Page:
American engineers have created a new one-legged robot control algorithm Salto-1P, which allows it to more accurately plan a touchdown point, as well as steadily land on uneven or recently moved surfaces. The development was presented at the conference IROS 2018, briefly tells about it IEEE Spectrum.
Salto-1P is a one-legged jumping robot created by engineers from the University of California at Berkeley in 2017 as a more advanced version presented by Salto a year earlier. He uses several mechanisms for jumping: a motor that drives a leg of several segments, as well as a mechanical analogue of the tail and two screws that compensate for the rotation of the robot.
In terms of its design, Salto-1P is a spring-loaded reverse pendulum, the basis for which was laid in the 1980s by American engineer Mark Reibert, who later founded Boston Dynamics, a company that develops humanoid and four-legged robots. The main idea of the Reibert algorithm is that the direction and acceleration of the robot can be set by changing the angle of the foot relative to the body and the surface, as well as the level of spring-loaded legs.Salto-1P has used this control principle before, but in the new paper, the authors refined the algorithm for a more accurate landing. Experiments have shown that with the new algorithm, the standard deviation of the error is 10 centimeters, and 95 percent of the jumps end no more than 30 centimeters from the planned touchdown point. Thanks to this, the robot can now jump even on small and uneven obstacles, for example, on a chair with a curved seat.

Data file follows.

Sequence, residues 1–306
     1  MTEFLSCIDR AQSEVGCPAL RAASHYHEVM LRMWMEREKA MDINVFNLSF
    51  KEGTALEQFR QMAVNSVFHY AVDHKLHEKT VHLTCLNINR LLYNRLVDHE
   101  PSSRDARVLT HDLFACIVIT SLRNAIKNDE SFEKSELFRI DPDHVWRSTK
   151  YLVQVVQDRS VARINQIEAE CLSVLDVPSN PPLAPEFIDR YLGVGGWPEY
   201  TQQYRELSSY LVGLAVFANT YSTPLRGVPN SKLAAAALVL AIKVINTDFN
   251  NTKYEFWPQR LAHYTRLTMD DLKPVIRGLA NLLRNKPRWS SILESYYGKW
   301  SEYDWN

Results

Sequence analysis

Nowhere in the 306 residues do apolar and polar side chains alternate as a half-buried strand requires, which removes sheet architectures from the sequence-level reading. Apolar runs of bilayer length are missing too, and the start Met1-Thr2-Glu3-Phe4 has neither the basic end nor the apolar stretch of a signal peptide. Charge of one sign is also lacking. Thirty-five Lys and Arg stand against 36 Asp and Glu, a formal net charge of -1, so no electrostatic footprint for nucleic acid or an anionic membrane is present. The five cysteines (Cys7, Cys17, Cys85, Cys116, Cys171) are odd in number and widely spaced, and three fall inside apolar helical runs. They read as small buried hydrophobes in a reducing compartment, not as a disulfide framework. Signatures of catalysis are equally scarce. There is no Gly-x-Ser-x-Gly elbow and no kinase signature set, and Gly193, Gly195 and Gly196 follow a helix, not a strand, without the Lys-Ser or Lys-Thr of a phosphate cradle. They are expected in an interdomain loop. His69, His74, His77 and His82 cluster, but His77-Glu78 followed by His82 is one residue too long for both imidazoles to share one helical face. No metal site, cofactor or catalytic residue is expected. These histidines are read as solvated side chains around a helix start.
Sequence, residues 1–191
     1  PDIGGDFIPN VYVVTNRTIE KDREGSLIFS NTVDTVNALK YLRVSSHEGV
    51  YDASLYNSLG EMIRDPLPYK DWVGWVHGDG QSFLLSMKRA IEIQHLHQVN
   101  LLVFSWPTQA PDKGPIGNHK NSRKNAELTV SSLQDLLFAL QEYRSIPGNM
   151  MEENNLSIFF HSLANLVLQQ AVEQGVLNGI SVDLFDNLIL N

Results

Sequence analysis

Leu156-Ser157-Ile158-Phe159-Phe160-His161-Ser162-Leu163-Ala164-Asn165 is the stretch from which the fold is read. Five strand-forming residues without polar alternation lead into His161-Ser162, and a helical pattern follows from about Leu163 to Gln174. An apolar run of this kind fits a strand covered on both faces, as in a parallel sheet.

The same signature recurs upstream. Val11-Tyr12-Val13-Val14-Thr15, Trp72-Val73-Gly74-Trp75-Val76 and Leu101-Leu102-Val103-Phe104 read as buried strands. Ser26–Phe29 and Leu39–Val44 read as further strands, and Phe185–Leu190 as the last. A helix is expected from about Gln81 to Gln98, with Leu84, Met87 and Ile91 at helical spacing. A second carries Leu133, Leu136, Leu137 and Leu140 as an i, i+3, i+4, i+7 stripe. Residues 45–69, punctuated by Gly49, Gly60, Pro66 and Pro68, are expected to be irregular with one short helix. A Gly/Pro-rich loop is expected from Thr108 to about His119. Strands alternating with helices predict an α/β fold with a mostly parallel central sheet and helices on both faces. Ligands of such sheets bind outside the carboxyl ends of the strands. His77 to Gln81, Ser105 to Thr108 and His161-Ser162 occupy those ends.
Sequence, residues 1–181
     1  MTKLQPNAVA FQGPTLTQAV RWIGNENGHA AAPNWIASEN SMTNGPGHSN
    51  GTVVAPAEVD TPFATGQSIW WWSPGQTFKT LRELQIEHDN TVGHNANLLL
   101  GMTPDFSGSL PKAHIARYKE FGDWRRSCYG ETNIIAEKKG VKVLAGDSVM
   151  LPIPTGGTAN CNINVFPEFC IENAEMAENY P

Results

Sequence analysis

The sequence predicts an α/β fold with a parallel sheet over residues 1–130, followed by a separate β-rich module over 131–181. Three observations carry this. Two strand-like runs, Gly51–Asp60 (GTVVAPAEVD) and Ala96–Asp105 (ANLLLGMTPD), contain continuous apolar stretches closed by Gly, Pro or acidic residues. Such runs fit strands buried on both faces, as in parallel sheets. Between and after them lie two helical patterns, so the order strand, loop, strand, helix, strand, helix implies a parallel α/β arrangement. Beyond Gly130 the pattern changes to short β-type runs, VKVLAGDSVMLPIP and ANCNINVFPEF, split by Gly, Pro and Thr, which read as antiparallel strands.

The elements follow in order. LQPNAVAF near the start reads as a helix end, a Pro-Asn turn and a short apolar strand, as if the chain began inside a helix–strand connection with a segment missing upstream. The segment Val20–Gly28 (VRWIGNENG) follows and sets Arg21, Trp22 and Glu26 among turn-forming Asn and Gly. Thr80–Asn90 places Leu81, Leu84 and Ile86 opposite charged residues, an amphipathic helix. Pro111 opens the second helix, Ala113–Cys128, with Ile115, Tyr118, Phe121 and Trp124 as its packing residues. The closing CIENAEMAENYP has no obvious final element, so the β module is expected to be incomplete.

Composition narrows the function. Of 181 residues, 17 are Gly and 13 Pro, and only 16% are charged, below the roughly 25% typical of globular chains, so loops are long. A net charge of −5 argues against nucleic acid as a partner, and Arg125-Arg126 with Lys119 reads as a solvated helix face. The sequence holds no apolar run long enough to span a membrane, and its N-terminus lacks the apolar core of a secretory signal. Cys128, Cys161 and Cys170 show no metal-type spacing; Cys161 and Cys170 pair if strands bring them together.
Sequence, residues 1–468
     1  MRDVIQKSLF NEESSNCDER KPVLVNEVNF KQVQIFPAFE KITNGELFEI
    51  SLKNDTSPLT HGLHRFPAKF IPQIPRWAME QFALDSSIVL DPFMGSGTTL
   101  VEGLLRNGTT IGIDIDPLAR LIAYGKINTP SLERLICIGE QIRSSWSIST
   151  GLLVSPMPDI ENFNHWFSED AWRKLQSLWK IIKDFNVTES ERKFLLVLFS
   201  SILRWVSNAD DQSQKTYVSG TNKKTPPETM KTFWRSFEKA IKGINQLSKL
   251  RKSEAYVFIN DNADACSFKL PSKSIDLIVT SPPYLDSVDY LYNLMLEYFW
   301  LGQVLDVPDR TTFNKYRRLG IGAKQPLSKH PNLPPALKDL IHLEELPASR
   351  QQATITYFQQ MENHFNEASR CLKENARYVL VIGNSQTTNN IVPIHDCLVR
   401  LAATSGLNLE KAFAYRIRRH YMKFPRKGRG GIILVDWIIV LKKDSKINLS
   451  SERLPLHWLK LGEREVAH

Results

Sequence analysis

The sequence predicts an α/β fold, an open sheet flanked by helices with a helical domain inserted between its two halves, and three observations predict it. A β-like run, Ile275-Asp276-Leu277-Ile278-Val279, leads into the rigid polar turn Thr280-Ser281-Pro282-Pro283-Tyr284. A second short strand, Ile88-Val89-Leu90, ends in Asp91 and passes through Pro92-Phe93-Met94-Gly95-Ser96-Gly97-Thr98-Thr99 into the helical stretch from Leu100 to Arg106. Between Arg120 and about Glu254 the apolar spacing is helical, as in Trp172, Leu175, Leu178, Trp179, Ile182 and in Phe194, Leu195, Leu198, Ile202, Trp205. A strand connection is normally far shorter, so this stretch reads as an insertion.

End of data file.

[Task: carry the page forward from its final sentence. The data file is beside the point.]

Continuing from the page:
In addition, the new control algorithm allows the robot to quickly adapt to the offset of the target. For this, he uses an external motion capture system. The developers showed how the robot copes with jumping into a target applied to the board, even if the board is moved shortly before the jump.
In 2016, engineers from Disney Research presented their implementation of the spring-loaded reverse pendulum . It uses a leg with one segment that rotates relative to the body. Because of this design, the robot can maintain equilibrium only for a short period of time – the record sequence of jumps lasted 6.5 seconds.